Iranian leaders are trying to keep the pressure on President Joe Biden in the hope he will quickly lift American sanctions and rejoin the Joint Comprehensive Plan of Action (JCPOA) nuclear deal, even as the head of the Israel Defense Forces threatens military action if the accord is revived.
President Hassan Rouhani on Wednesday made more of what have become near-daily comments on Biden’s plan to rejoin the JCPOA, from which former President Donald Trump withdrew in 2018.
Though both sides are in favor of reviving the JCPOA, Iran is demanding that the U.S. lift crippling sanctions before it returns to full compliance. But the Biden administration has said the JCPOA can only come back into force if Iran scales back its nuclear activity in line with the original deal.
Iran began violating the agreement after Trump withdrew and broke with it entirely after the American assassination of Major General Qassem Soleimani last year. Tehran has since expanded its stockpile of enriched uranium and increased enrichment to 20 percent, a short technical step from 90 percent weapons-grade uranium.
Rouhani told a cabinet meeting Wednesday the world is waiting for Biden to make his move. “The whole world—except a few countries—is calling on the United States unanimously to return to its commitments under the JCPOA,” Rouhani said, according to the state-run PressTV.
Rouhani also again claimed victory over Trump’s “maximum pressure” campaign of sanctions, covert action, military posturing and diplomatic pressure, dismissing the former president as a “vicious criminal.”
Foreign Minister Mohammad Zarif, meanwhile, said Tuesday that what Tehran has heard from the new administration “has mostly been in the form of words and announcement of its positions.” He added: “However, it is actions that we respond to.”
Also on Tuesday, Iran’s ambassador to the United Nations , Majid Takht-Ravanchi, said Tehran is willing but not desperate to return to the JCPOA. “It’s up to the U.S. to decide what course of action to take,” he said. “We’re not in a hurry.”
Still, government spokesperson Ali Rabiyee warned Tuesday that Biden should not miss the “very limited” window to return to the nuclear deal.
Though keen on the agreement, Rouhani’s government has only a few months left in power before his term ends in summer. Rouhani and his allies are already facing domestic opposition to new talks with the U.S., and there is no guarantee that Supreme Leader Ayatollah Ali Khamenei will approve a detente.
Meanwhile, conservatives in the U.S. and American allies in the Middle East—chief among them Israel—are mobilizing against the JCPOA. IDF Chief of Staff Aviv Kohavi said Tuesday he had ordered his forces to draw up military options to deal with the threat from Iran.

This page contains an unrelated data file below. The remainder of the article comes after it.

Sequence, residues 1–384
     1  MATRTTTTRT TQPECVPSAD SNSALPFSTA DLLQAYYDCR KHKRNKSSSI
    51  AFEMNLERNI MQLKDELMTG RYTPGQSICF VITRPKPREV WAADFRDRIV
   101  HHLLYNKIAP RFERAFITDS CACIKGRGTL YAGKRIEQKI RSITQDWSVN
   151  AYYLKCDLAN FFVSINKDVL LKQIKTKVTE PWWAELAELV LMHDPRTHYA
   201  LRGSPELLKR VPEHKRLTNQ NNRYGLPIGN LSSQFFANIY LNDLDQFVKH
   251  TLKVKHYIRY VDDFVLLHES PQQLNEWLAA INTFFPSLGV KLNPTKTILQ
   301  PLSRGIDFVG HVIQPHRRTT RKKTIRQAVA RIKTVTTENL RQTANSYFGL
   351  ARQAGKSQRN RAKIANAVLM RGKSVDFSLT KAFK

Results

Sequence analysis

“Iran can decide that it wants to advance to a bomb, either covertly or in a provocative way. In light of this basic analysis, I have ordered the IDF to prepare a number of operational plans, in addition to the existing ones. We are studying these plans and we will develop them over the next year,” Kohavi said.
“The government will of course be the one to decide if they should be used. But these plans must be on the table, in existence and trained for.”
Israel has long maintained what is called the Begin Doctrine, by which successive Israeli governments have said they will not allow an enemy to develop nuclear weapons. In the past, Israel has attacked Iraq in 1981 and Syria in 2007 to prevent nuclear research. Israel also cooperated with the U.S. in the Stuxnet cyberattack on Iran’s nuclear program.
“With the changing of the administration in the United States, the Iranians have said they want to return to the previous agreement,” Kohavi said, in an unusual intervention in foreign policy.
“I want to state my position, the position that I give to all my colleagues when I meet them around the world: Returning to the 2015 nuclear agreement or even to an agreement that is similar but with a few improvements is a bad thing and it is not the right thing to do.”
Iranian leaders are yet to respond to Kohavi’s remarks. Newsweek has contacted the White House and the Iranian government for comment.
JCPOA critics are particularly concerned that the agreement does nothing to limit Iran’s ballistic missile program nor its regional network of proxy militias. Biden has sought to allay fears by framing the JCPOA as the foundation for a “longer and stronger” broader deal that would cover missiles and other issues.
Biden officials have also suggested any return to the JCPOA will not be imminent. Secretary of State Antony Blinken told senators at his confirmation hearing last week the U.S. is still a “long way” from agreeing a deal with Tehran.
Still, there have been multiple reports suggesting that the Biden team has already met with Iranian officials, though this has been repeatedly denied by Tehran.
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